It’s beginning to look a lot like Christmas! Well the home grown trees are cut and ready for sale, Holly and Mistletoe gathered and Wreaths made so the nursery is looking very festive. We have decorated the shop and put together a lovely display of gifts too. I really enjoy the run up to Christmas and all that glitter that goes with it. With this in mind I am looking at the plants that you can use for decoration in this month’s blog. Don’t forget also that you can still book on to Sara’s Wreath Making Course, further details here. Perhaps you can bring along cuttings from some of the plants we look at in this blog.
Cotoneaster ‘Cornubia’ – A very Christmassy plant which is covered in red berries which the birds, especially Thrushes, adore. It is evergreen but can lose a few leaves if we get a very cold winter. It is ideal for any soil as long as it does not sit wet during the winter and makes a handsome tree. It can be pruned to keep it under control or grown as a hedge. It makes quite a dramatic plant when grown against a wall where it can be trained to encourage flower and berry production. The berries last well when cut to be added to wreaths and it looks great added to table decorations.
Hedera helix – AKA: Ivy. A beautiful native plant that really comes into its own at this time of the year. The lovely flower spikes have just finished and the berries are now swelling and are ideal to use in arrangements. I have some water pipes that are exposed in our kitchen and I always dress these with Ivy and Holly and some other evergreens and then hang baubles or orange segments from them, it looks great and is very simple to do. Ivy is a very useful plant in the garden as it will grow almost anywhere and is very good in those difficult areas such as dry shade. It can be used as ground cover or to grow up a very dark wall. This also creates good nesting sites for secretive birds such as Wrens.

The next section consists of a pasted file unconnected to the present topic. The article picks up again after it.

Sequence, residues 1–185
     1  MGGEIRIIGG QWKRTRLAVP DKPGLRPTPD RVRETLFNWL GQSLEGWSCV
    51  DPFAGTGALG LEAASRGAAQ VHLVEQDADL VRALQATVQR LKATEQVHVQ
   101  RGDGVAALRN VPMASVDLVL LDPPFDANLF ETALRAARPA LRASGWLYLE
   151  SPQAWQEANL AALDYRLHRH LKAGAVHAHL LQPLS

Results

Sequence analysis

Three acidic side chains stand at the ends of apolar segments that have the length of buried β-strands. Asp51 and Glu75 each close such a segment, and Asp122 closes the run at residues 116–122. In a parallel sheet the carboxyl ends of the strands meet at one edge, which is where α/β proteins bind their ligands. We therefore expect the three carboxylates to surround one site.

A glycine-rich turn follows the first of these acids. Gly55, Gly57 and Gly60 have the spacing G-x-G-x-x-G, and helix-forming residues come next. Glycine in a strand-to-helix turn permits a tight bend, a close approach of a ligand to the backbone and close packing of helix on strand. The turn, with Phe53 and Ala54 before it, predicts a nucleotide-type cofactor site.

Skimmia japonica ‘Female’ – An evergreen shrub that is female. If you want berries you will need to get a male form as well such as Skimmia japonica ‘Rubella’. The latter also has handsome flower spikes in March and beautiful pink buds throughout the winter.
These prefer a slightly acid soil and like to be grown in the shade so are ideal for that difficult dark corner on the patio or courtyard where they need to be grown in pots. This variety produces large fat shiny red berries that are generally too big for birds to swallow. They are very useful to add to wreaths and last for quite a while in arrangements.